Skip to Local Navigation
Skip to Content
California State University, Long Beach
Department of Criminal Justice
Print this pageAdd this page to your favoritesSelect a font sizeSelect a small fontSelect a medium fontSelect a large font
 

Pre-Law FAQs - Frequently Asked Questions

What if I am in a particularly hard program or major, and my grades reflect that?

Some programs are more difficult on their face (e.g., molecular biology) and require no explanation for a lower GPA. But if your degree is from a program known to be difficult at your particular college, but perhaps not in the world at large, be sure to include a letter of recommendation from a faculty member who can explain why your undergraduate work should be given weight, even if your grades are not as high as those for applicants that particular law school normally admits.

What if I had one bad semester that really pulled down my GPA?

Most law schools will see the breakdown by semester when they review the LSDAS report. But if you have a particular reason for a bad semester (a personal problem, family illness, etc.) you should include a statement explaining what happened to your grades as an addendum to your application. Do not try to explain the problem in your personal statement, which should be reserved for positive information about you and what you can offer that law school. You should also ask those writing your letters of recommendation to discuss shortcomings in your application, offering reasons why these shortcomings are not demonstrative of your true abilities. In other words, let your professors explain your shortcomings in context, rather than trying to do it yourself, thereby avoiding the appearance of making excuses.

To how many law schools should I apply?

The general wisdom is to apply to at least:

  • 1-2 “safety schools”;

  • 3-8 schools in which you are interested and where your academic credentials place you in range for admission;

  • and 1-2 “dream schools” or “reach schools” that you would love to attend, but where you may be a stretch for admission. Note this does not mean applying to a school to which you stand virtually no chance of admission!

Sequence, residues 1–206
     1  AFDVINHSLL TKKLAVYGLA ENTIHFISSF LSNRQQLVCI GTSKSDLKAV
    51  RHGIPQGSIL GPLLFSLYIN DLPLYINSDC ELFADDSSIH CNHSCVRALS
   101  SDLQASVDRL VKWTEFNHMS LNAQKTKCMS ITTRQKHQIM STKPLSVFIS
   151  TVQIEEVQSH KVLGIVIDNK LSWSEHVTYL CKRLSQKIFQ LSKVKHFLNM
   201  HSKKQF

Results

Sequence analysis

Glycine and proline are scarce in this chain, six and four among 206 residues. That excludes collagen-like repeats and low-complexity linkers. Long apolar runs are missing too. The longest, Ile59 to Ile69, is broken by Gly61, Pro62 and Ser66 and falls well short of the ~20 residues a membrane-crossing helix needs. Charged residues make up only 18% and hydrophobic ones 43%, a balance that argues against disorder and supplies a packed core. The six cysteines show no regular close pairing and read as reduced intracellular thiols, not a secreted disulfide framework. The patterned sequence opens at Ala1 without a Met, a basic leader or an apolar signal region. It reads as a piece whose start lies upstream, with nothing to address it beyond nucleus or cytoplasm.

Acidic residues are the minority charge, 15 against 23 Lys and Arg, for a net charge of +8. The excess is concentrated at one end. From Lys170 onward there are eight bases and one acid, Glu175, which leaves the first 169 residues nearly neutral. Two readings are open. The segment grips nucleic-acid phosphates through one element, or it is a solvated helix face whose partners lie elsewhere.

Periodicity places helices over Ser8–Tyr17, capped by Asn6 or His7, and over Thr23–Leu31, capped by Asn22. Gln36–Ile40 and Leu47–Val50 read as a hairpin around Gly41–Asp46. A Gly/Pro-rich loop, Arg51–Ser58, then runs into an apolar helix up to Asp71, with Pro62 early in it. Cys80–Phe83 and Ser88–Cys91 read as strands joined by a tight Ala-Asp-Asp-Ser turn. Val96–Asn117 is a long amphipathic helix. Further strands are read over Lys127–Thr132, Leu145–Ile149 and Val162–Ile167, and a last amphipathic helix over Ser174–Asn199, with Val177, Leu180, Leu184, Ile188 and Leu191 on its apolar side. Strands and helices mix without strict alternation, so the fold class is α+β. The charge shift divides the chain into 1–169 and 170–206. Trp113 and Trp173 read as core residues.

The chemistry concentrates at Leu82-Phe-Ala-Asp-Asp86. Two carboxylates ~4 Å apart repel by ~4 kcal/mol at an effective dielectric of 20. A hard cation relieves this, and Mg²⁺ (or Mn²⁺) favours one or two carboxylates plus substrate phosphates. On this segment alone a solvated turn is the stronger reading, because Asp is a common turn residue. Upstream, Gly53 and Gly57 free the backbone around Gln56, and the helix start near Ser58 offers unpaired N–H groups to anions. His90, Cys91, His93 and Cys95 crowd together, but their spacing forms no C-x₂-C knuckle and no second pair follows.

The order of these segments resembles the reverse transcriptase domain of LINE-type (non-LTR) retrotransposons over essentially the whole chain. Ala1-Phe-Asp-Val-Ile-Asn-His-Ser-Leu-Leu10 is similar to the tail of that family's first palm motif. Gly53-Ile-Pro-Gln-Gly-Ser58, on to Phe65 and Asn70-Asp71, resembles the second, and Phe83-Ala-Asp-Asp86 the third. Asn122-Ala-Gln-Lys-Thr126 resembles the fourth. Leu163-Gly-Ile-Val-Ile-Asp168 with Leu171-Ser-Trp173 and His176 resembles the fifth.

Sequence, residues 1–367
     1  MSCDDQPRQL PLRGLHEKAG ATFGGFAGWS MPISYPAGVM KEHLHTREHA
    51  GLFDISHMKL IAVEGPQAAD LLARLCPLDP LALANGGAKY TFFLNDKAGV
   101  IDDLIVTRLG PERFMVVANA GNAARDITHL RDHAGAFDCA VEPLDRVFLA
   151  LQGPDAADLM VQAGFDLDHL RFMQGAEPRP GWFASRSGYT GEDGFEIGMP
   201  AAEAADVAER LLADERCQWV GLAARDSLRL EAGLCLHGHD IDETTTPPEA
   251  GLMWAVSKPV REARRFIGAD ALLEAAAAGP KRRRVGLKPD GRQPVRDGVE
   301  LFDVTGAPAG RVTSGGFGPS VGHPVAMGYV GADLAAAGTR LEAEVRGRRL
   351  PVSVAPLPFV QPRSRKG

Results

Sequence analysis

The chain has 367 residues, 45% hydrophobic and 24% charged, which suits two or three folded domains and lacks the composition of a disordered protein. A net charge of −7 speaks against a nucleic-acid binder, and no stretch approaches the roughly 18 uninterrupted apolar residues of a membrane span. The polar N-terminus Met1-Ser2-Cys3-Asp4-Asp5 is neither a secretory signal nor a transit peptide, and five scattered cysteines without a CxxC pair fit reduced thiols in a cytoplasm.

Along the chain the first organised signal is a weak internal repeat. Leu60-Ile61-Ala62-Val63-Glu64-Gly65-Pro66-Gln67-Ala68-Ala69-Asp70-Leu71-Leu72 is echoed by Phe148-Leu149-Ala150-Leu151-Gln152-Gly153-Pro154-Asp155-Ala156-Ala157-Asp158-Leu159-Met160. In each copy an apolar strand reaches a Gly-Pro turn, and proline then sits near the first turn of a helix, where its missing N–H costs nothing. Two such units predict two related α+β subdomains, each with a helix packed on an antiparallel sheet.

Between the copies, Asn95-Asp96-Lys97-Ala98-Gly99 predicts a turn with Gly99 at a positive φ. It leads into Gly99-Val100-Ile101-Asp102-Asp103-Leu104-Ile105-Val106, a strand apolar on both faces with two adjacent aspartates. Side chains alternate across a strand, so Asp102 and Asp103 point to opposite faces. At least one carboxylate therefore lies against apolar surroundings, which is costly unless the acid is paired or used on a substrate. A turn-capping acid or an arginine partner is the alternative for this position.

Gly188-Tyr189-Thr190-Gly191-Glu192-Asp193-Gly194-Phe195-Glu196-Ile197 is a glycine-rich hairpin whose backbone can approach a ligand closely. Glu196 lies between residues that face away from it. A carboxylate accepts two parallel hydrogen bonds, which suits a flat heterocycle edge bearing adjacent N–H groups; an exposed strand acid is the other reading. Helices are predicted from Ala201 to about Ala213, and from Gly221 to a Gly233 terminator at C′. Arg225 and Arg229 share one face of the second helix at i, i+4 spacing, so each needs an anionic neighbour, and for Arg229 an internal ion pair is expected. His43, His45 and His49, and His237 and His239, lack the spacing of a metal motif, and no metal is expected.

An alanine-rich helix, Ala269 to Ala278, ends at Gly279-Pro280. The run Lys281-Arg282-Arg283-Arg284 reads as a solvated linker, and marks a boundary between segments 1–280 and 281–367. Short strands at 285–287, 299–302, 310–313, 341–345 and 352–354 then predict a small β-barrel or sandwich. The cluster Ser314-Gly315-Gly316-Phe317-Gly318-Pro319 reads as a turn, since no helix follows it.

Should I apply based upon a law school's specialty programs?

If you are absolutely certain of the area of law in which you plan to practice, or have a particular background that you plan to combine with your law degree (e.g., you're an engineer who wants to go into patent law; a nurse or biologist who wants to go into health care law; etc.), then it makes sense for you to consider schools that are strong in your chosen area (or, at minimum, be sure they offer upper-level course-work in your area of interest). Keep in mind, however, that the J. D. is intended as a general degree. You are both required to and encouraged to take a broad range of courses in law school. Chances are, what you think you may want as your specialization now is highly likely to change once you are in law school.

Do I have a better chance of being admitted to a better law school if it is not in California?

Yes. Because schools like to have a diverse class, geographic diversity helps them meet that goal. Accordingly, you might make a better law school in the mid-west, south, southwest, or east coast than you could get into if you limited yourself to the usual west-coast corridor schools.

What effect will a disciplinary record have on my chances for admission to law school?

It depends. If you disciplinary record is for an academic integrity violation, the chances of you getting into law school are next to nil. If, however, you were on social probation for having some beer while underage, it will have little impact on your application so long as you disclose the incident, and explain what you learned from it. You must diffuse the disciplinary incident satisfactorily to have an admissions committee overlook it.